I have been avoiding this blog for three months and a handful of days. Recently, a teacher at my school wondered if it wouldn't be therapeutic to begin writing again. These past few months have been traumatic, to say the least, for educators all over Los Angeles and in many other parts of the country. I haven't written because I didn't want to whine and complain; this blog is meant to be about the joys of the library, not the crumbling of the public education empire. After three months and a handful of days, however, I can no longer avoid the reality of this collapse, and it is becoming so deeply hurtful and personal that I do need the therapy. Badly. For the first time in eleven years I am seriously considering what life would be like if I just didn't work in a school anymore. The luxury of that decision is so mouth-wateringly tempting that I have found myself browsing nonprofit job listings more than once in the last few weeks. Just to think of a life that doesn't start until after 6am! A one-hour lunch break!
The public school system in Los Angeles is on the verge of collapse, or at least it feels that way to me sometimes. More and more schools are being auctioned off to charter organizations, in spite of the fact that many of those charters have not proven to be any better in terms of student achievement. Massive layoffs and budget cuts mean that each day is a struggle for teachers and students trying to navigate the most basic of everyday operations. These operations take so much time on all of our parts (since our staff is down to a skeleton crew) that instructional time starts to disappear, processes erode, chaos ensues. Two BIG charter organizations have put in bids for my school. Meaning that after the next school year, the Board of Education will decide whether those of us who have been working our butts off for the last decade are good enough to keep fighting the good fight, or if some politico has offered a slick enough package to make it seem like selling us out to a charter organization is real education reform, which it is not. I repeat, giving public school control to charter organizations does not equal educational reform.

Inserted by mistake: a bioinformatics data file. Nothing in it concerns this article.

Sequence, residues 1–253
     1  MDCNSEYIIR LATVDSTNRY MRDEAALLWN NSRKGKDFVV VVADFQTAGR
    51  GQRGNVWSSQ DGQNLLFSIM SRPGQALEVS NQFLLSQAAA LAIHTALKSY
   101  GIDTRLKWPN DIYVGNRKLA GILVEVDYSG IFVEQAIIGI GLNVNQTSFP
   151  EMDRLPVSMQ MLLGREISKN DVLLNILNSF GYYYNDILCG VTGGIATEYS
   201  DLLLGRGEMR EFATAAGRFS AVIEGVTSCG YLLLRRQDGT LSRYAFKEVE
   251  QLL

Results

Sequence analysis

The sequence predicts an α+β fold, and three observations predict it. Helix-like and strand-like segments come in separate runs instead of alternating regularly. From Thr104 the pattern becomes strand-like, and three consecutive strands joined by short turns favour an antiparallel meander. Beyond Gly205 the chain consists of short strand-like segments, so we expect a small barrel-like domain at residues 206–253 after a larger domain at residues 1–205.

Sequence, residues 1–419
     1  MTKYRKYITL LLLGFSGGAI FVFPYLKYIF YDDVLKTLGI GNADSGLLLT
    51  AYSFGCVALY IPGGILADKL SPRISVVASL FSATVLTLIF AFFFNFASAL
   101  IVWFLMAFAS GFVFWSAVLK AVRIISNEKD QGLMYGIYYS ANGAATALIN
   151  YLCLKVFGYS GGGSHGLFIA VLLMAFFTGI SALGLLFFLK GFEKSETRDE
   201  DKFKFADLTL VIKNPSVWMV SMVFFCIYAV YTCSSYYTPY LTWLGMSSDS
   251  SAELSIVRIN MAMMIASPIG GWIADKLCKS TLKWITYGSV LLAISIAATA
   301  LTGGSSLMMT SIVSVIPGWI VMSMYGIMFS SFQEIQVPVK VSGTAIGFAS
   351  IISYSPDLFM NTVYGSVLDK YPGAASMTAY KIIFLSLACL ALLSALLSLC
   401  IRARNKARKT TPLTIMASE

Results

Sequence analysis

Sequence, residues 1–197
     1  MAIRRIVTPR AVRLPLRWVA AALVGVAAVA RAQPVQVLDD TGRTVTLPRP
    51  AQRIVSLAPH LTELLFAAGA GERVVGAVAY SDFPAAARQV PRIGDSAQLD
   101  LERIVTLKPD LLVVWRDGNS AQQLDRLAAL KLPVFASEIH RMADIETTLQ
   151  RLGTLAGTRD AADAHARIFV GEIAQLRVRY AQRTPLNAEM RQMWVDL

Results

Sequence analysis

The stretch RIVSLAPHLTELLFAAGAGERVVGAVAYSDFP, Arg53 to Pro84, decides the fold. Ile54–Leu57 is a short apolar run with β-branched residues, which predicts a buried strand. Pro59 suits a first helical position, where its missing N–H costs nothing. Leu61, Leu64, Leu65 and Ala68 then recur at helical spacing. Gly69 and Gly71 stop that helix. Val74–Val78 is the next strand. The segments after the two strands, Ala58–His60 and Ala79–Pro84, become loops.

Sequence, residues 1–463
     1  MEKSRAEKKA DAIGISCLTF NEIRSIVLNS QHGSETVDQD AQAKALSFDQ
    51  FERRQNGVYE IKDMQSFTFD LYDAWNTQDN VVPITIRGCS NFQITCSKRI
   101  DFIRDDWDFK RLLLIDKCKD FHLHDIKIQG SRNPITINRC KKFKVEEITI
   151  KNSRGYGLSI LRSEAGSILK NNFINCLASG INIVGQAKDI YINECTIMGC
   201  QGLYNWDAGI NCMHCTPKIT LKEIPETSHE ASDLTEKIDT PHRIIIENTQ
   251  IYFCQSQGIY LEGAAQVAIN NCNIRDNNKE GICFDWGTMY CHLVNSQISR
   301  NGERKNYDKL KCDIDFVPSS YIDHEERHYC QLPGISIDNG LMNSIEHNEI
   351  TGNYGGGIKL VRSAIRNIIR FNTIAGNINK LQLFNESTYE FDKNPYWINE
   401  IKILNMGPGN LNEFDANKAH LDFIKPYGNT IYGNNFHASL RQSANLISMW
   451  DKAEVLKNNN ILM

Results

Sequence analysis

I just want to be a teacher. That's it. I want to teach children in a large, underperforming school in South Central, Los Angeles. Is that really so much to ask? I mean, I was under the impression for the last ten years that there aren't that many people out there who really want to do what I want to do. Am I wrong? Are people clamoring for this job? I heard an ad on NPR last week for a teacher preparation program practically begging people to become teachers in order to fight the "overwhelming teacher shortage" in this country. WHAT? Where? Half the people I know have been fired in the last two years. They all wanted to work here, chose to work here, and were told they were not needed. Now I'm being told the same thing, and even if I manage to scrape through and hang on for one more year, my school will probably be usurped by a charter kingdom that will most likely shut the library doors because, according to many (if not most) charters, it doesn't make financial sense to fund the library program. This is, of course, in opposition to pretty much all research done on the subject, which proves time after time that libraries are critical to student achievement. But whatever, right?
Here's the thing. I don't want to fight a political battle for the next year, breaking my neck to write a competing plan that will explain why what we do here was working quite well until a third of our teachers were fired two years ago and another big chunk was sent home again last year, and another group again a few weeks ago.